Why should a member consider a leadership position in NODA?
I’m the type of person who thinks if you’re going to do something, you should do it completely, which means being "all in” and committed. You will get out of NODA exactly what you put into it, and the more you put into it, the more connected and committed you become to improving not only your own home office, but also the profession as a whole. Orientation professionals who stick only to their own offices and a conference here and there are only getting part of the advantages of a national organization like NODA. I truly believe the greatest portion of my professional growth began after I started giving back to NODA in service roles. The more you serve, the more committed you become, the more people you meet, the more lessons you learn, and the better you become as an orientation professional.

What have you gained from your leadership positions in NODA?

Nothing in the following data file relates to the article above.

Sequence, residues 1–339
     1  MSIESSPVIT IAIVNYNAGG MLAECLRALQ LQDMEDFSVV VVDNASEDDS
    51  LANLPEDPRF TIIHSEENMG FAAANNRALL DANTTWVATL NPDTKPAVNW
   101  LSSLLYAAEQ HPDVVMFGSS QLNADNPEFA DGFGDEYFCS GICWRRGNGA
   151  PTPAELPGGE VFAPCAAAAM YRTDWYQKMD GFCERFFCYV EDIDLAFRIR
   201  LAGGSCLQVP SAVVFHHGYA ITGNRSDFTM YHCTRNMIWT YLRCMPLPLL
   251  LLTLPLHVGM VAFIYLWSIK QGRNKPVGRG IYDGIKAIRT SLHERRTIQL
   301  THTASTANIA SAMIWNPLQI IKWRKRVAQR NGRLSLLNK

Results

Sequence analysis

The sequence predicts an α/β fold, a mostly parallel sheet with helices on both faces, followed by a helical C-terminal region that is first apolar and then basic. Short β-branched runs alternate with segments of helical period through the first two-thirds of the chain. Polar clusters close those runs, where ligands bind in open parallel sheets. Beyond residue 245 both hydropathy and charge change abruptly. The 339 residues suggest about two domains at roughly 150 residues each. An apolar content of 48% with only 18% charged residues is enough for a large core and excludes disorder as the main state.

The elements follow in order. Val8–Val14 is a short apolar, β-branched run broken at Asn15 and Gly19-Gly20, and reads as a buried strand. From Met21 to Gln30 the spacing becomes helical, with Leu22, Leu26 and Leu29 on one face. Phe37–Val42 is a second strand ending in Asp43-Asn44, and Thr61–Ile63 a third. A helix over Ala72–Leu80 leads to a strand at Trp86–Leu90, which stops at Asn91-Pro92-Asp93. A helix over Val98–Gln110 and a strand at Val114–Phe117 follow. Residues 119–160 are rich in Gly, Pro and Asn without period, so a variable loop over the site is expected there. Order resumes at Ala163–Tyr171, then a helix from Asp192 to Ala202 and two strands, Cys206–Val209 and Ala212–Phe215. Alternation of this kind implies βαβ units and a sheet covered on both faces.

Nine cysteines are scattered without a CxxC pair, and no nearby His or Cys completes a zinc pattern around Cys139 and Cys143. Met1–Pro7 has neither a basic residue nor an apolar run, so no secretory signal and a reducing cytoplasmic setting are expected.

My leadership positions within NODA have solidified my decision to move out of advising and career services to orientation. Serving both on committees and behind the scenes of NODA has shown me the amazing people who work in the various areas of orientation. Pride in NODA as an organization has grown and I have become a better orientation professional because of it.

What is your favorite NODA related memory?
Oh so many from which to choose! Making new friends, solving regional conference logistics issues together, collecting crazy props for the skit competition, and letting myself just act crazy in front of an entire undergraduate audience at a regional conference are just a few that stand out. But, my favorite NODA memories tend to be those that involve seeing how NODA influences other professionals, graduate students, and undergraduates who begin making connections with each other and with the profession itself. Especially seeing those "a-ha” moments for my undergraduate and graduate leaders who realize while sitting in a regional conference presentation that they can see themselves nowhere other than higher education careers. When it all clicks and you see someone realize they’re in the right place… and you know you had something to do with it… those are the best memories.